Use of the table is this: To the year 1901 the letter F of the 1st box is assigned, and in the following year 1902 E is assigned, and thus let all the boxes be assigned in order to all the years until one has arrived at the desired year, with a return to the start of the table whenever you run thru it all. For the box onto which the desired year falls--as long as it is before the year 1700--shall given the dominical letter for that year. If a single letter is there, the year is common; if however a double letter, it is bissextile, and the the higher letter shows the dominical day on the calendar from the beginning of the year all the way to the feast of St. Matthew the Apostle; the lower letter shows it from this feast to the end of the year.


The Indiction is a cycle of 15 years from 1 to 15; when one cycle is completed it returns again to 1, and from January the appropriate year of this cycle takes up the opening in papal bulls. Since there is frequent use of indictions in diplomatic and scriptural publications, we will easily discover the current year of indiction for any chosen year from the following table, whose usage is perpetual: It starts from the year of correction 1582.

{TABLE of Indiction from 1582, the Correction Year}

For if to the year 1582 you take the first number, which is 10, and to the following year 1583 you assign the second number, which is 11, and so on to the desired year--returning to the start of the table anytime you run completely thru it--the desired year will fall on the indiction which you seek.


Because (according to a decree of the holy Council of Nicaea) Easter, a date on which the remaining movable feasts depend, should be celebrated in the Sunday which follows next after the XIV day of the first month's moon (it is called the "first month" among the Jews if its moon falls on the day of the vernal equinox, which comes on either March 21st or properly follows it), it is enacted that if the epact of any desired year is found, and it is marked out on the calendar in the days between March 8th and April 5th inclusive (for the XIV day of the moon of this epact falls either on the day of the vernal equinox--that is on March 21st or the properly following day),14 days (inclusive) shall be enumerated downward; The next Sunday following this XIV day (let us not harmonize with the Jews, if by chance the XIV day of the moon falls on a Sunday) shall be Easter day.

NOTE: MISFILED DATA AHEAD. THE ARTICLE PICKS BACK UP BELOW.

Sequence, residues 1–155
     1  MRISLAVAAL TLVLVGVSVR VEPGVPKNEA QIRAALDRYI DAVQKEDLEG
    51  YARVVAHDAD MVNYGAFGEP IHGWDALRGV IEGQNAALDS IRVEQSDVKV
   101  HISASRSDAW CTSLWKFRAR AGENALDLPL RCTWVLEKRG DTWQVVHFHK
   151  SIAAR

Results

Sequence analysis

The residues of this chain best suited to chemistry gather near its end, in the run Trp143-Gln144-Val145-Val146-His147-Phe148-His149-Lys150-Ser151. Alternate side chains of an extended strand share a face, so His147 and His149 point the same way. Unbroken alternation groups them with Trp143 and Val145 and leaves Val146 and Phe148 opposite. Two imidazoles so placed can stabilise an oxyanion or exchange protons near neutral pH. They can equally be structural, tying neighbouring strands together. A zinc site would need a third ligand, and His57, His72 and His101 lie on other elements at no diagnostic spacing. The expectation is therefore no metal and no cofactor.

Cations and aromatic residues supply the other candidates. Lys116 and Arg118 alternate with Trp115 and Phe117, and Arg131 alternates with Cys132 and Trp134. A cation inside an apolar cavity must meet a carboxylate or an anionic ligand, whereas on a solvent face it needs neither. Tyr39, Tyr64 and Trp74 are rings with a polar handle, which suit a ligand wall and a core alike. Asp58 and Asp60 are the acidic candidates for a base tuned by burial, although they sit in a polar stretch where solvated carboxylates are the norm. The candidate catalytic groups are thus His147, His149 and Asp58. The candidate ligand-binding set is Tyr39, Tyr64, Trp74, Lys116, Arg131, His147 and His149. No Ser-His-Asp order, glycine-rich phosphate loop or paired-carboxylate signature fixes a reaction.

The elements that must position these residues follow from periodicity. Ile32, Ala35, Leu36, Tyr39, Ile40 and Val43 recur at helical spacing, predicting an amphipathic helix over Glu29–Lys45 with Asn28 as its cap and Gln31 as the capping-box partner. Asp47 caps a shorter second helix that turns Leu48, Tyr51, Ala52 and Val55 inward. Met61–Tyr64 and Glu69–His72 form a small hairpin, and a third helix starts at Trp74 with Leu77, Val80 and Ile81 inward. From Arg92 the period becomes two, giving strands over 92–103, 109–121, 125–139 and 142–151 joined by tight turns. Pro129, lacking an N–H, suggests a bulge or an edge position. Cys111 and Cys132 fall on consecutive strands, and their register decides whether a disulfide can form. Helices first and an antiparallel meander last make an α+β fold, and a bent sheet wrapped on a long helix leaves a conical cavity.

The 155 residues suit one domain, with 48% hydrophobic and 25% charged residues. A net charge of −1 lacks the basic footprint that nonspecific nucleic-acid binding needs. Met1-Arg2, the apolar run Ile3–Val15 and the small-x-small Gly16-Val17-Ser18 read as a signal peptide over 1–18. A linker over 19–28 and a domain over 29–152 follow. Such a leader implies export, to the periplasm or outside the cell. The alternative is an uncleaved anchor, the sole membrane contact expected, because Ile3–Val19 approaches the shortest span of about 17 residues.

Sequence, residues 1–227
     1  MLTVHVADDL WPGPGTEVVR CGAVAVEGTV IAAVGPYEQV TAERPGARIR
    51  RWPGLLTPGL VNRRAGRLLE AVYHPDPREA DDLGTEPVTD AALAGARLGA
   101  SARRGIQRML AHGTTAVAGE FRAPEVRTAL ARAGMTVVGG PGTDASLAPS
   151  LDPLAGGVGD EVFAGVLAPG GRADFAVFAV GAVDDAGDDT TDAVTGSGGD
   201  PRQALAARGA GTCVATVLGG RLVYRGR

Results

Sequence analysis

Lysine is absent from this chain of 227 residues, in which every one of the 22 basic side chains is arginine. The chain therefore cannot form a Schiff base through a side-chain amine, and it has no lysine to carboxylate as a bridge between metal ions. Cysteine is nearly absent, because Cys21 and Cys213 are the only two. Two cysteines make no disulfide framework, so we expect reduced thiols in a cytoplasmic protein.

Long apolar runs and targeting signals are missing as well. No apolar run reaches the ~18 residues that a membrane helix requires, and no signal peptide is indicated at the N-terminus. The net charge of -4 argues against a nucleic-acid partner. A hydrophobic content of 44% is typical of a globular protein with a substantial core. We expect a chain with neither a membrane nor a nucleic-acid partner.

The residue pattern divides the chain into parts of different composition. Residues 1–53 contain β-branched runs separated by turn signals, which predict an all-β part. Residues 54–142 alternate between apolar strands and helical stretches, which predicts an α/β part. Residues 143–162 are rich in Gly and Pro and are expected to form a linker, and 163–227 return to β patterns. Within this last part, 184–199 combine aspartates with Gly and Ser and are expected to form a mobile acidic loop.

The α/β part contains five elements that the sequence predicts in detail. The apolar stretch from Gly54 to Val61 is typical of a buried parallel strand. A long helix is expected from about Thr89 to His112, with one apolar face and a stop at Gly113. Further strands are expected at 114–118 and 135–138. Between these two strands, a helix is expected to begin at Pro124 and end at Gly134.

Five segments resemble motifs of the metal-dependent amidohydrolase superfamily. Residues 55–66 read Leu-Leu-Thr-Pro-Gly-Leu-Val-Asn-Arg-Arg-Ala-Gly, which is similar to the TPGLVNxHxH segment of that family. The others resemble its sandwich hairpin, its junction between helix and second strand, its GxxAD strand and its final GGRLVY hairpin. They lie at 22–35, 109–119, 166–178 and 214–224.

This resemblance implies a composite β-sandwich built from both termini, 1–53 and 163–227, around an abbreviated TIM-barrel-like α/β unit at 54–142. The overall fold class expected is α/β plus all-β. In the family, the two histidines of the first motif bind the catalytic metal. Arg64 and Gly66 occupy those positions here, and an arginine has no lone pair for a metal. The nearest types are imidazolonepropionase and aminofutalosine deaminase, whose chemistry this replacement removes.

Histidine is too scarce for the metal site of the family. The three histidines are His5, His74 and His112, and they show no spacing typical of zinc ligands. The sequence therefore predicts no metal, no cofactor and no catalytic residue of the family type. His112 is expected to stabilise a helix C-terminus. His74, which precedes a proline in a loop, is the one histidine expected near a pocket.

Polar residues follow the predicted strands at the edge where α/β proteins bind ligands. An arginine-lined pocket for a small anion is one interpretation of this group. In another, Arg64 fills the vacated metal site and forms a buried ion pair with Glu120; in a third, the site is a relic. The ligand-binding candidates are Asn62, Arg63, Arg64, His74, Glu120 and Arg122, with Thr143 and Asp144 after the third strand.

Example: In the year 1605, the epact is X, and the dominical letter B. And since we find epact X for dates between Mar. 8 and Apr. 5 inclusive has been placed starting at March 21st, from this date, if 14 lines number the days downward, we should find the 14th day of the moon on the 3rd of April, which is a Sunday, since in this year the dominical letter will be b. And so that we do not agree with the Jews, who celebrate Passover on the 14th day of the moon, the dominical letter b which follows the XIV day of the moon should be taken, which is obviously located on the 10th of April: And in that year Easter will be celebrated on the 10th of April. Likewise in 1604, the epact is XXIX, and there are two dominical letters DC since that year is bissextile. If then from epact XXIX, which falls between 8 March and 5 April inclusive on April 1, 14 days are counted, the XIV day of the moon falls on 14 Apr. And because the latter dominical letter is in force, namely C, that day after 14 April--that is, the one located after the XIV day of the moon--is on April 18th, Easter will be celebrated in that year on Apr. 18th.

Moreover, so that it might be easier to find all movable feasts, the two following paschal tables have been constructed, one old, the other new. From the old table movable feasts will be found thus: In the left side of the table the current epact should be taken and the current dominical letter taken from the line of dominical letters below the current epact; Then if the current dominical letter is taken from the space of the current epact, the same dominical letter should be taken from the next lower. For from the line of this dominical letter all the movable feasts are fixed. For example: In 1606, the epact is XXI, and the dominical letter A. If then in the old table the dominical letter A which lies below epact XXI is taken, Septuagesima Sunday shall be found on this line on Jan 22, Ash Wednesday Feb 8th, Easter Mar. 26, the Lord's ascension May 4th, Pentecost May 14, and the feast of Corpus Christi May 25. There will be 28 Sundays between Pentecost and Advent, and Advent will be celebrated on Dec. 3; and so on. Likewise in 1605, the epact is X and the dominical letter B, which is found in the table outside the line for epact X. For this reason the other letter B should be taken which is found on the next-lower line, from which line you will find Septuagesima on Feb 6, Ash Wednesday Feb 23, Easter Apr 10, etc.